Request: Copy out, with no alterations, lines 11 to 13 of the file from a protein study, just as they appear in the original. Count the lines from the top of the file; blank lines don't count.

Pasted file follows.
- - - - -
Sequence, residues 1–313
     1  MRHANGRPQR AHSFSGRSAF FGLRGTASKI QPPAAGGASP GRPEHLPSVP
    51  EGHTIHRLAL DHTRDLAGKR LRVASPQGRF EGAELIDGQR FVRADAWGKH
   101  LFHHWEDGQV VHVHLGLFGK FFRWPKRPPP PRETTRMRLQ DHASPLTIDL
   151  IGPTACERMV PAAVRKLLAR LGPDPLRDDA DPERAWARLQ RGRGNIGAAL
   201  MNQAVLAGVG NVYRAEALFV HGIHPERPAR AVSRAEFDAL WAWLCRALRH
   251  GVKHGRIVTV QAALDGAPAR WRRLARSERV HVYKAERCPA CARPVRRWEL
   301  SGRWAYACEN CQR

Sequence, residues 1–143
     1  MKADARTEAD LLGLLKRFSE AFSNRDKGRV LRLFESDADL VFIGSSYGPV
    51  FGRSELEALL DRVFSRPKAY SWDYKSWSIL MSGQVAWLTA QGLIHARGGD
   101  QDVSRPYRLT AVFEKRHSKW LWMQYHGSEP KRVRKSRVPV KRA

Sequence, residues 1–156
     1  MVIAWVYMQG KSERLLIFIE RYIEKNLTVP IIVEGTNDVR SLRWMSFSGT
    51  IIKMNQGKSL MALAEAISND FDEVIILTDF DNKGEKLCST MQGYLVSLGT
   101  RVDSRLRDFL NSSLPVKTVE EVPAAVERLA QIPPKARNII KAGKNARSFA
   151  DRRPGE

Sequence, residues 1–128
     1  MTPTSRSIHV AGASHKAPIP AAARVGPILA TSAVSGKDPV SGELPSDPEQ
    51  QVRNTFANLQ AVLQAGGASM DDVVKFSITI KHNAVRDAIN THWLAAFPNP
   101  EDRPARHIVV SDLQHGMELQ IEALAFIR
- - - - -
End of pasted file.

    51  FGRSELEALL DRVFSRPKAY SWDYKSWSIL MSGQVAWLTA QGLIHARGGD
   101  QDVSRPYRLT AVFEKRHSKW LWMQYHGSEP KRVRKSRVPV KRA

Sequence, residues 1–156